from The American Heritage® Dictionary of the English Language, 5th Edition.
- noun The techniques and practice of a midwife.
from The Century Dictionary.
- noun The practice of obstetrics; the practice of assisting women in childbirth.
- noun Assistance at childbirth or in production.
from the GNU version of the Collaborative International Dictionary of English.
- noun The art or practice of assisting women in childbirth; obstetrics.
- noun Assistance at childbirth; help or coöperation in production.
from Wiktionary, Creative Commons Attribution/Share-Alike License.
- noun The practice and science of being a
from WordNet 3.0 Copyright 2006 by Princeton University. All rights reserved.
- noun the branch of medicine dealing with childbirth and care of the mother
- noun assisting women at childbirth
from Wiktionary, Creative Commons Attribution/Share-Alike License
Midwives eventually turned into the term midwifery,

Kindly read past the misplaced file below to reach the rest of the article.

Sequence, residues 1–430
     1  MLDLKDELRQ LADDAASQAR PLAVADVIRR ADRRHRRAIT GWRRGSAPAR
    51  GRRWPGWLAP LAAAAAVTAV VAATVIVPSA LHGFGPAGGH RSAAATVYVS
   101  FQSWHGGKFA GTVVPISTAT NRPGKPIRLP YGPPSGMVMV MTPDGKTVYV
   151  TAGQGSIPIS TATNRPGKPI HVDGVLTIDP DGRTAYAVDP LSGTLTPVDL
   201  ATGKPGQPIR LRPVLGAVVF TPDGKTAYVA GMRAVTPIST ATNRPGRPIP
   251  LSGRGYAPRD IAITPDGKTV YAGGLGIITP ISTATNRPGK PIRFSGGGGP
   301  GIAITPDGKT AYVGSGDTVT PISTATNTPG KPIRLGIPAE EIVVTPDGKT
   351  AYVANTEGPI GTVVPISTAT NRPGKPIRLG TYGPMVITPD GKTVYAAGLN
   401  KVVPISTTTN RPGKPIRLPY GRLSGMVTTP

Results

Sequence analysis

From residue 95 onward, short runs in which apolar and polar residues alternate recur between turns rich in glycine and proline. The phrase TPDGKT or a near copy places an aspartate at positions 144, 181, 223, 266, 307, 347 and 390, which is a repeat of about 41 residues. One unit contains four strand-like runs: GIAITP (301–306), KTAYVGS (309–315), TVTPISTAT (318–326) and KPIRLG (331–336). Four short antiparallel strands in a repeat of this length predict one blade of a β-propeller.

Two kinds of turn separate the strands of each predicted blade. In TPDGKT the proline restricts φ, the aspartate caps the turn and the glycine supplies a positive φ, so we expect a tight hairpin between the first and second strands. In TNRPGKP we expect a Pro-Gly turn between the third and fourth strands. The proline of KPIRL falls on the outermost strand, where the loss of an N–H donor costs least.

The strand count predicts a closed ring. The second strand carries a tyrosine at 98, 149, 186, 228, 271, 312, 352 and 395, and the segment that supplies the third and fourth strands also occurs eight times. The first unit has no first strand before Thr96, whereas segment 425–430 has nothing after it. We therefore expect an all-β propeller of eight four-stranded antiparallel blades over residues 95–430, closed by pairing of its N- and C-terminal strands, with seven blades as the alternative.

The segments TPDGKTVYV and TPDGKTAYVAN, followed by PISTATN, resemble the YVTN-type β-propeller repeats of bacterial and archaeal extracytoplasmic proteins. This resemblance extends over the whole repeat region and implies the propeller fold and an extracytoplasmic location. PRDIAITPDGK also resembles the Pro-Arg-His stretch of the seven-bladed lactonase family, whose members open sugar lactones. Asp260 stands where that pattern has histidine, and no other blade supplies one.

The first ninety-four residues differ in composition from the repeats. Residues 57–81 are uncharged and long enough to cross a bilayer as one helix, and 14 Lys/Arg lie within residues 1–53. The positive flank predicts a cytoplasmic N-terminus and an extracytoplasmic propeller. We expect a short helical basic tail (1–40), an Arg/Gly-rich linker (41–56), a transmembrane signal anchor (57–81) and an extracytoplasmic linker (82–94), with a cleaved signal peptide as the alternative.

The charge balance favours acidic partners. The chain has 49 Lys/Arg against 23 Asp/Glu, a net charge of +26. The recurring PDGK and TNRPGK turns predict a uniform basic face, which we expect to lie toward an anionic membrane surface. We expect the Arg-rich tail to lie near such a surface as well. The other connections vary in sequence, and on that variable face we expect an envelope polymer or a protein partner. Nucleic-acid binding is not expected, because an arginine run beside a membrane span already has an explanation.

Midwives eventually turned into the term midwifery and it was just a practice in the field of obstetrics.
Midwives eventually turned into the term midwifery, and it was just a practice in the field of obstetrics.
My deep held passion for birth reform, homebirth and the profession of midwifery is only just starting to bleed into my fiction work.
When I was touring with the hardcover, a great many mothers came to my readings with their little babies born at home, and told me how the book had reinforced their faith in midwifery, home birth, and the love a midwife brings to the experience.
No financial interest in midwifery, except the generalized one that doctors use their influence over insurance companies and state legislatures to disadvantage non-physician providers.
Note 85: For early training in midwifery, see I. Gaskin, Spiritual Midwifery, 2d ed.,
Eliza received her degree in midwifery and is a licensed midwife.
Ina May has pursued a career in midwifery and has continued to lead the ongoing struggle to achieve both an end to the control of midwifery by medical professionals and a more cooperative relationship between the two professions.
Ina May's and Stephen's only training in midwifery consisted of careful reading of obstetrics texts, supplemented with advice from sympathetic general practitioners. 82 This meant that midwives enjoyed more time with books than could most other Farm residents.